Lucien Febvre has referred to the "unthinkability" of atheism in its strongest sense before the sixteenth century, because of the "deep religiosity" of that era. Karen Armstrong has concurred, writing "from birth and baptism to death and burial in the churchyard, religion dominated the life of every single man and woman; every activity of the day, punctuated by church bells summoning the faithful to prayer, was saturated with religious beliefs and institutions: they dominated professional and public life—even the guilds and the universities were religious organizations.... If an exceptional man could have achieved the objectivity necessary to question the nature of religion and the existence of God, he would have found no support in either the philosophy or the science of his time." As governmental authority rested on the notion of divine right, it was threatened by those who denied the existence of the local god. Those labeled as atheist, including early Christians and Muslims, were as a result targeted for legal persecution.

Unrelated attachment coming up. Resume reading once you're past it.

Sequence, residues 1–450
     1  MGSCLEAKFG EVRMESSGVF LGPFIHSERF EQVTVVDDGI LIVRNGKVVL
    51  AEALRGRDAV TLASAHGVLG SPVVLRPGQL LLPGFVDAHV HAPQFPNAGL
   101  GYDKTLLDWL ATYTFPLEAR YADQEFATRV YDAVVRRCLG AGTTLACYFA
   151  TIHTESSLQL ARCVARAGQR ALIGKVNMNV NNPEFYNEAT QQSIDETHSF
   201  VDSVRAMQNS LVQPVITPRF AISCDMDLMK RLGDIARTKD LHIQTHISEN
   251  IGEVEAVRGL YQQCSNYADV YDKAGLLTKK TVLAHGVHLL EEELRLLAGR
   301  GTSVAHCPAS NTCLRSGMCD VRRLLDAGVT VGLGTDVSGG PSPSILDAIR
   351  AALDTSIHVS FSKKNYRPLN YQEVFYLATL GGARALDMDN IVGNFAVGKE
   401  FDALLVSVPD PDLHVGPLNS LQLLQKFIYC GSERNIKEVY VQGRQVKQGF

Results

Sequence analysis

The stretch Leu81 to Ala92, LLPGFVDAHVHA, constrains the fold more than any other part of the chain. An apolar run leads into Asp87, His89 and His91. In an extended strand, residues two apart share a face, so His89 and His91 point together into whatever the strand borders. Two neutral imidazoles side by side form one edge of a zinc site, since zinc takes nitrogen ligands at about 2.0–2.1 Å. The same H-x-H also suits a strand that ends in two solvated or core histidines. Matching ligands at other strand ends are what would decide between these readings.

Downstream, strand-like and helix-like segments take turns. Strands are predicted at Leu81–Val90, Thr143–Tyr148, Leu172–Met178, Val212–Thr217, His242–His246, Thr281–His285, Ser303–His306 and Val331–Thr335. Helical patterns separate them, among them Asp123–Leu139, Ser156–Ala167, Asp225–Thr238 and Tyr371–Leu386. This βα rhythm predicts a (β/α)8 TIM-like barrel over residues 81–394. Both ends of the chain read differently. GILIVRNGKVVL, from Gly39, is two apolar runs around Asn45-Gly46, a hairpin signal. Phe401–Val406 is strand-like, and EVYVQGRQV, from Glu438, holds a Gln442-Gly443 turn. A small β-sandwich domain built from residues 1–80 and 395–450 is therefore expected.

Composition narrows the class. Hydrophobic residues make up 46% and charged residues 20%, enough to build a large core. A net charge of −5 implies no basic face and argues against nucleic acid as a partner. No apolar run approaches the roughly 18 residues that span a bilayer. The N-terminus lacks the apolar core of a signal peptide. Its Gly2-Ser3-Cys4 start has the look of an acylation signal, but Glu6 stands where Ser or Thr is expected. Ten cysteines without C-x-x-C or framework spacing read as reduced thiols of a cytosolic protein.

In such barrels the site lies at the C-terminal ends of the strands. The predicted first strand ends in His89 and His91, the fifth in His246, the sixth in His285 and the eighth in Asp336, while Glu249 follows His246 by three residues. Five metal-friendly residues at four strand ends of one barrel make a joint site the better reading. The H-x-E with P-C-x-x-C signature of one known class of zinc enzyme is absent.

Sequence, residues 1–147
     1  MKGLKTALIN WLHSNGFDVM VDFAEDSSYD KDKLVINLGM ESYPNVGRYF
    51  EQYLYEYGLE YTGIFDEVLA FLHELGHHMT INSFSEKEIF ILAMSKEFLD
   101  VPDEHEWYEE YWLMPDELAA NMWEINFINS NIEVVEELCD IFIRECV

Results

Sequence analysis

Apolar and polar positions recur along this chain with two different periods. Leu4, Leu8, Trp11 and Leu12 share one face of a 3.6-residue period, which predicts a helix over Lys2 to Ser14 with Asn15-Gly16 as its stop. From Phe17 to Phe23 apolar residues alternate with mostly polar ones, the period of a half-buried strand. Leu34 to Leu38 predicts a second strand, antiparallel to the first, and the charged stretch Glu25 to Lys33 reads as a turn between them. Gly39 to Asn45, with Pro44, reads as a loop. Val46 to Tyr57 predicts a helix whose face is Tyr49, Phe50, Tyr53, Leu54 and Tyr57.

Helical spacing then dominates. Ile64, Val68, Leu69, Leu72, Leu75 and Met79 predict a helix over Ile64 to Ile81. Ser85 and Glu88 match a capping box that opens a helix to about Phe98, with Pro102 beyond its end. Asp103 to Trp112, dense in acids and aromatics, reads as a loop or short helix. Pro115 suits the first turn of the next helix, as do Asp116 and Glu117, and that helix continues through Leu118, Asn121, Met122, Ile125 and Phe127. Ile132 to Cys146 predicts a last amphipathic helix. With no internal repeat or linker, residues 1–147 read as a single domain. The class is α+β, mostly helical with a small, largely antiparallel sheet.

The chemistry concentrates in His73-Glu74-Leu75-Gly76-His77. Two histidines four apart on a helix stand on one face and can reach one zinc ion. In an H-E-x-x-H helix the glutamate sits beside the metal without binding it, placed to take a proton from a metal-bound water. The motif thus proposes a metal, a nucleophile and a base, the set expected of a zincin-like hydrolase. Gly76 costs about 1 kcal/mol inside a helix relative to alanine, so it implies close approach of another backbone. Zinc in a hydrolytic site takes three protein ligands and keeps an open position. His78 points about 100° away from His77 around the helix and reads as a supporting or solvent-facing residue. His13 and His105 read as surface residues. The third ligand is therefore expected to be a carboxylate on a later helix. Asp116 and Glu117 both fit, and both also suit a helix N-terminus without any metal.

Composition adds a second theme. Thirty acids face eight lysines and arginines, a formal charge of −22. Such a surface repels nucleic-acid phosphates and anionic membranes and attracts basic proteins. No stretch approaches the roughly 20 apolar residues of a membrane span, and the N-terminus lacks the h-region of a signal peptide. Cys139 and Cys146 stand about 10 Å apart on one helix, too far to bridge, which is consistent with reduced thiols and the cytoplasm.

During the early modern period, the term "atheist" was used as an insult and applied to a broad range of people, including those who held opposing theological beliefs, as well as those who had committed suicide, immoral or self-indulgent people, opponents of the belief in witchcraft. Atheistic beliefs were seen as threatening to order and society by philosophers such as Thomas Aquinas. Lawyer and scholar Thomas More said that religious tolerance should be extended to all except those who did not believe in a deity or the immortality of the soul. John Locke, a founder of modern notions of religious liberty, argued that atheists should not be granted full citizenship rights. During the Inquisition, several of those accused of atheism or blasphemy, or both, were tortured or executed; these included the priest Giulio Cesare Vanini, strangled and burned in 1619 and the Polish nobleman Kazimierz Łyszczyński, executed in Warsaw, as well as Etienne Dolet, a Frenchman executed in 1546. Though heralded as atheist martyrs during the nineteenth century, recent scholars hold that the beliefs espoused by Dolet and Vanini are not atheistic in modern terms.